Management applications of the LANDFIRE BPS models in the California National Forests

The LANDFIRE Applications Webinar Series (Part 3) continues with Hugh Safford! This webinar will discuss the applications of LANDFIRE with a specific focus on management. 

State and transition (S&T) models are aspatial, nonequilibrium simulations that incorporate multiple ecosystem states linked by pathways representing deterministic (e.g., growth) and probabilistic (e.g., disturbance) transitions. The LANDFIRE program incentivized a major expansion in the use of S&T simulations in federal lands management, through the development of the Biophysical Settings (BpS) models which provided the reference conditions for Fire Regime Condition Class (FRCC) assessment. The usefulness of the BpS models goes far beyond FRCC however. These types of S&T models can be extremely useful in better understanding the complex inner-workings of successional and disturbance processes, as well as in generating reference conditions for ecosystem management. I will begin by outlining the process of developing state-and-transition models for successional and fire dynamics of major forest types of the Sierra Nevada, and discuss how these were adapted into BpS models for the LANDFIRE program. The major focus of my presentation will be management applications – and limitations – of the LANDFIRE BpS models. Examples will include desired forest conditions for Forest Plans and large landscape restoration projects; developing vegetation structure targets for fire and fuels management; and spatial extensions of the BpS models to develop historic range of variation (HRV) assessments for large management landscapes.  

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About the presenter:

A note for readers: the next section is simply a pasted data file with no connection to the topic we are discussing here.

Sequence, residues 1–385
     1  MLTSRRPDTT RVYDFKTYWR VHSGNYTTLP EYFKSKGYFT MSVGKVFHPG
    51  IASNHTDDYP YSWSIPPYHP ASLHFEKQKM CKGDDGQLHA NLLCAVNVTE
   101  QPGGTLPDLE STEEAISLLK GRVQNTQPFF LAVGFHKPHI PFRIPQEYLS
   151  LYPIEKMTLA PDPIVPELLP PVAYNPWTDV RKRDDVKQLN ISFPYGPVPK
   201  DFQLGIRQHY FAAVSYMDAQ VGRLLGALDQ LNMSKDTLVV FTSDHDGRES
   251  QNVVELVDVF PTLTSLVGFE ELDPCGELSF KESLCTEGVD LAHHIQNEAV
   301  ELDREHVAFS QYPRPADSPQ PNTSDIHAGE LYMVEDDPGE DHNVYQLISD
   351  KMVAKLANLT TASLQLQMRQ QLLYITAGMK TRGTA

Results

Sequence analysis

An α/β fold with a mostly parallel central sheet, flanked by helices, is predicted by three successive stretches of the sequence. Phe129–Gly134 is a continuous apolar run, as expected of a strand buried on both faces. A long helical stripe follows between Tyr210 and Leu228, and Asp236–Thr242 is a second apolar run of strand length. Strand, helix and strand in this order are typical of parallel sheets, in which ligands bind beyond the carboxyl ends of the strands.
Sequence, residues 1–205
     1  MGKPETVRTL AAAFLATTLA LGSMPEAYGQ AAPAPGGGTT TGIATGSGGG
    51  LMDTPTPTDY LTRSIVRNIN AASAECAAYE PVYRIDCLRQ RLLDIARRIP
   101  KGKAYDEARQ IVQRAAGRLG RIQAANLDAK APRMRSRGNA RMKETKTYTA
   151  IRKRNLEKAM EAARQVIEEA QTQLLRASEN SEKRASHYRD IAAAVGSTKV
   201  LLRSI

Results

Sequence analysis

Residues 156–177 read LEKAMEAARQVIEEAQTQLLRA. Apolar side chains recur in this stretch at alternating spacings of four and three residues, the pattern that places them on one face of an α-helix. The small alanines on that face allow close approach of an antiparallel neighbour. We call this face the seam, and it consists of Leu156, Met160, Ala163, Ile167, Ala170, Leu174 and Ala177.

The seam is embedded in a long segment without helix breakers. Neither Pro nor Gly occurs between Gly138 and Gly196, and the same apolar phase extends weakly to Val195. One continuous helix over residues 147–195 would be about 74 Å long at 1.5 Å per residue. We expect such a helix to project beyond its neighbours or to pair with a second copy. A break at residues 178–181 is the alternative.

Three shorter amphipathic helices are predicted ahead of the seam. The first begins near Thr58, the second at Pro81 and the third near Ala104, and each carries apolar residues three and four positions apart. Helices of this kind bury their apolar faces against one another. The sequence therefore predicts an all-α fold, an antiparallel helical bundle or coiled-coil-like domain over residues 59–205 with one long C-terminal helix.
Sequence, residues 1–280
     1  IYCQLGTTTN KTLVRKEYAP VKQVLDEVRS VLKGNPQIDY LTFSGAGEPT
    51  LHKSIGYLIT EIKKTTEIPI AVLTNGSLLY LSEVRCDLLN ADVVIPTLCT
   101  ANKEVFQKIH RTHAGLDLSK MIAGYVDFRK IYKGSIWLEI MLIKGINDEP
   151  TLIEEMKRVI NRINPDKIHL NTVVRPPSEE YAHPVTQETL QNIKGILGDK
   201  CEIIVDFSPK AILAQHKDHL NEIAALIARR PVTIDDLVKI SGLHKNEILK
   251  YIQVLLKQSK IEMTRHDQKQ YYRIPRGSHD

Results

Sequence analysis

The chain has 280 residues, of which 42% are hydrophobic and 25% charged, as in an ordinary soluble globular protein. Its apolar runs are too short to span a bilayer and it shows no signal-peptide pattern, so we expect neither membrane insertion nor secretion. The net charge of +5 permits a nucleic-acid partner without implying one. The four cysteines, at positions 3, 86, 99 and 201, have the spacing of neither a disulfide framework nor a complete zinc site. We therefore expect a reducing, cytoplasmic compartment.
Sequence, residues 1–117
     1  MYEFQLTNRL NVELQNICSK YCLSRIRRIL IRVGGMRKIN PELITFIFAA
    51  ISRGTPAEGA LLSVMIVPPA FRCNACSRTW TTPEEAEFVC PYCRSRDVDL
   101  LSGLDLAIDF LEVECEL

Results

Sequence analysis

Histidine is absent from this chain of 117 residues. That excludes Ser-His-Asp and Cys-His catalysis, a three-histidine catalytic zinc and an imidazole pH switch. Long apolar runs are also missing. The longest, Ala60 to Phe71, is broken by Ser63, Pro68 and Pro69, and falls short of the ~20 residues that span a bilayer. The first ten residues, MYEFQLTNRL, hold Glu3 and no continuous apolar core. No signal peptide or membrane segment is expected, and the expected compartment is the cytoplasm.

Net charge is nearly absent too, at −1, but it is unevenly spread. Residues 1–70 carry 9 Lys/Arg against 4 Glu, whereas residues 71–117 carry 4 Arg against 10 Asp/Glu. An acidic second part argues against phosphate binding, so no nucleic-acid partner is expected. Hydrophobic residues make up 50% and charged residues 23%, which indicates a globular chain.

Hugh Safford is the Regional Ecologist for the USDA-Forest Service’s Pacific Southwest Region (California, Hawaii, Pacific territories), and also holds a research position in the Department of Environmental Science and Policy at the University of California-Davis. Safford manages a staff of ecologists that provide expertise in vegetation, fire, and restoration ecology, climate change, inventory, and monitoring to land management and planning efforts on the National Forests in the Pacific Southwest Region. His areas of professional expertise are restoration ecology, community ecology, biogeography, and disturbance ecology. Safford is the manager of the Regional Research Natural Area program, the Sierra Nevada region leader for the California Fire Science Delivery Consortium, and a member of the science advisory boards for a number of environmental collaboratives and NGOs. Safford also works internationally, and provides technical assistance on fire, forest management, and climate change issues to the US-Agency for International Development (USAID) and the International Program of the Forest Service. Safford was an editor of Historical Environmental Variation in Conservation and Natural Resource Management, a recently published book exploring the challenges of applying historical reference conditions to the sustainable management of ecosystems in a rapidly changing world. Safford holds a Ph.D. in Ecology from the University of California, an M.A. in Secondary Education from San Francisco State University, and a B.S. in Geology from Montana State University. Safford grew up in southwestern Montana and now splits his time between Davis and Lake Tahoe, California.